Neurology Central

International Nurses Day: a day in the life of Ismalia de Sousa

To mark International Nurses Day this month (12 May), we’re asking neuroscience nurses from across the field to share their typical working days, what inspired them to become a nurse and the challenges that are present in the field.
In this interview, we speak to Ismalia de Sousa, a clinical nurse specialist (CNS) in stroke in a London NHS hospital (UK). Ismalia qualified in Portugal as a general nurse back in 2009 and moved to London in the same year, where she started working as a staff nurse in a newly opened hyper-acute stroke unit (HASU). Whilst working as a band 5 staff nurse, she occasionally worked as a bank nurse in surgical wards. In 2013, Ismalia progressed to a CNS role as a band 6 and then progressed to band 7 a year afterwards.

How did your education and training lead to your interest in becoming a CNS in the stroke field?

When I qualified as a registered nurse I always knew I wanted to work in a busy and fast-paced unit where I could also see a degree of improvement in the patient’s condition with the care delivered. One of my three job interviews in London in 2009 was for a surgical ward. Whilst a student nurse, I had really enjoyed my clinical placements in surgery. However, I quite liked the idea of being part of something that was new and was being developed. The location was also a contributing factor at 21 years of age when you want to ensure that you enjoy your social life in London.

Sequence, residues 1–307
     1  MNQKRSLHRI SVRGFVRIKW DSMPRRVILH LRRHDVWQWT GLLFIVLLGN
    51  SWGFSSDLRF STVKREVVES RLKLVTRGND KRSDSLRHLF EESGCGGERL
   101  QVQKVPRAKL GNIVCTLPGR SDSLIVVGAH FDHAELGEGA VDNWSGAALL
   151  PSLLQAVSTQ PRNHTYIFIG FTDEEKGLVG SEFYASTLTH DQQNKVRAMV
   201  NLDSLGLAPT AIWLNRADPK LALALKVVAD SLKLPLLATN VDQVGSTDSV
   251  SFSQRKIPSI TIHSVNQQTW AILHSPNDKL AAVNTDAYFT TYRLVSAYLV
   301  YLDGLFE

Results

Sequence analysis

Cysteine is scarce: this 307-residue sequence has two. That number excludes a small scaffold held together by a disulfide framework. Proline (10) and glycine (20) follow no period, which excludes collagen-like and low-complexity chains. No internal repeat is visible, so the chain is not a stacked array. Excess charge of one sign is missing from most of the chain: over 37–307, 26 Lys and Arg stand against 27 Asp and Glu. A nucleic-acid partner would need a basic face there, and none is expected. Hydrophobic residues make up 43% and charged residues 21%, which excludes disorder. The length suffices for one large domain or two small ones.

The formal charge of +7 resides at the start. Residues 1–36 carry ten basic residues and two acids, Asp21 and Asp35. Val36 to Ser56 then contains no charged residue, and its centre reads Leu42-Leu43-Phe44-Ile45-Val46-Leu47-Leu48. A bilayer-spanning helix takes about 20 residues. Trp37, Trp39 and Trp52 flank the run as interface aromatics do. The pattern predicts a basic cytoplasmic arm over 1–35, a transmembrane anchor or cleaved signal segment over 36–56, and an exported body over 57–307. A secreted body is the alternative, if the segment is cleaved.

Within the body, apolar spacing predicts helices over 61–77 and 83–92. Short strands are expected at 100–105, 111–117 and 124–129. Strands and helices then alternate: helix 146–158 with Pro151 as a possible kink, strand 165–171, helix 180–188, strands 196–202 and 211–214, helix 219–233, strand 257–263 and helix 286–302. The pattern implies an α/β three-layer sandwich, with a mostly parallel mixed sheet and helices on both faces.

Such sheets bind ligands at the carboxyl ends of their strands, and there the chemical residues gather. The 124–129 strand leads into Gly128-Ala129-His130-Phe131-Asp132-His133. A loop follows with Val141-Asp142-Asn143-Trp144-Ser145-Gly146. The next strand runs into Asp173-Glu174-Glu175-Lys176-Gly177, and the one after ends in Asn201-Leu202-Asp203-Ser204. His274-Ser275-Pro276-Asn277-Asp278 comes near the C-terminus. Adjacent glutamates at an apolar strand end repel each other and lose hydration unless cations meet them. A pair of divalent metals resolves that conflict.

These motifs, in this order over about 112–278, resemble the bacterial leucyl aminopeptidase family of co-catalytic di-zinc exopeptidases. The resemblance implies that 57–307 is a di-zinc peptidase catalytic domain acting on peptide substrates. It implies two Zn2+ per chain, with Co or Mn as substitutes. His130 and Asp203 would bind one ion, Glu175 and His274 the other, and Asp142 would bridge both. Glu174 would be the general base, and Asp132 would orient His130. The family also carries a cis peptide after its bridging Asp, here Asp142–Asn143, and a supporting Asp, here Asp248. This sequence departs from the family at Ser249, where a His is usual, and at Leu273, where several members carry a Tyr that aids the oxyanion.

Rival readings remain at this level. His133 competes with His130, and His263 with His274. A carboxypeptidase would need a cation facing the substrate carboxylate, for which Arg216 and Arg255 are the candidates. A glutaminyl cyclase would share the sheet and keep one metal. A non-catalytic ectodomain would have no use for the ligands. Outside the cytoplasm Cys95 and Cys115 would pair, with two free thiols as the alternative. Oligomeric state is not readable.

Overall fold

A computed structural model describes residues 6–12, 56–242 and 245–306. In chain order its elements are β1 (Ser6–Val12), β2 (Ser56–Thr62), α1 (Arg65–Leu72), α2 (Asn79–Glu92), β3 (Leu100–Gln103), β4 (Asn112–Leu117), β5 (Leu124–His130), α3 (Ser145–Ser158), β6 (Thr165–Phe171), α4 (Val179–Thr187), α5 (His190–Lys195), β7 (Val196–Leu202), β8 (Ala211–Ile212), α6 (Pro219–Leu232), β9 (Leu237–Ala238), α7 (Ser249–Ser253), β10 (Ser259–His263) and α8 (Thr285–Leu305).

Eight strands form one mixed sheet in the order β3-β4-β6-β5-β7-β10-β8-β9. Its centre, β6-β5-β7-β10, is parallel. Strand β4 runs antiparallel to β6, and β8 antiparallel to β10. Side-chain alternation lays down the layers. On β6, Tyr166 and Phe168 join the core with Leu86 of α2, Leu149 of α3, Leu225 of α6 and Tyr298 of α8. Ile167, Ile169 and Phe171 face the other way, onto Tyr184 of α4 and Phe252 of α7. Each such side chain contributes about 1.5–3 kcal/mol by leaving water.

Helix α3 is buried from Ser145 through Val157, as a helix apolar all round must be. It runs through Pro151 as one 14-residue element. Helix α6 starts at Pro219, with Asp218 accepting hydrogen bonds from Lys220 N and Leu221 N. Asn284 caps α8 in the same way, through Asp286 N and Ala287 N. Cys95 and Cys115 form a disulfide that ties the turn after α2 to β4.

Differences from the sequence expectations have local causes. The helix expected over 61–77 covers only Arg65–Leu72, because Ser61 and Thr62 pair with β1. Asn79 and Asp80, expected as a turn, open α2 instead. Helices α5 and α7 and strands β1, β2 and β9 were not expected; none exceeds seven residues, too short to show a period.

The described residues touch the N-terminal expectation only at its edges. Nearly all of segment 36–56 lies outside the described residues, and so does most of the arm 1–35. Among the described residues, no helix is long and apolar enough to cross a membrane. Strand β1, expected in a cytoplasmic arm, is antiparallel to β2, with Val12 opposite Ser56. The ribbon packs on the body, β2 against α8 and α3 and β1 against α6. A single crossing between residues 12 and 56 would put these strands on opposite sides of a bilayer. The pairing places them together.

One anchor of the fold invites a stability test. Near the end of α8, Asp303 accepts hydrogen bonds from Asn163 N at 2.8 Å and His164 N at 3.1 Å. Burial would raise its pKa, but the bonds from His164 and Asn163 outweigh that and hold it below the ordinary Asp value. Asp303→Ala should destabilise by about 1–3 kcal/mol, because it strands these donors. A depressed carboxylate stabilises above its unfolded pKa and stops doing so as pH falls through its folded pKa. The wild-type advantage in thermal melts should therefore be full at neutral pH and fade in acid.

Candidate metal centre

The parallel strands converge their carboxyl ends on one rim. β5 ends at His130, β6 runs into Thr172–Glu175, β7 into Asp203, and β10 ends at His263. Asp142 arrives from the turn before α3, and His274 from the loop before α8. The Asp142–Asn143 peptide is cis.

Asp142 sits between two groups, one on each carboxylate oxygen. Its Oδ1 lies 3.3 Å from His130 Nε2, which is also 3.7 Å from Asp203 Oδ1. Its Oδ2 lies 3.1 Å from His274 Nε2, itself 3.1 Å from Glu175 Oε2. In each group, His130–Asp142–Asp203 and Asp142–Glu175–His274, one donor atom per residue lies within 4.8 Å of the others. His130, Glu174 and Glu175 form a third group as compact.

There was a big investment in stroke care in London at that time so I thought, why not? When I started working in the HASU I absolutely fell in love with neuroscience. The fact that not every person with a stroke is the same, as not every stroke is the same, but also the improvement that treatments such as a thrombolysis could have on patient outcomes was fascinating.

I started to have a keen interest in brain anatomy and in developing the ability to diagnose patients based on the symptoms they were presenting to hospital. I would then match those symptoms with the location in the brain and the arteries that were supplying those areas.

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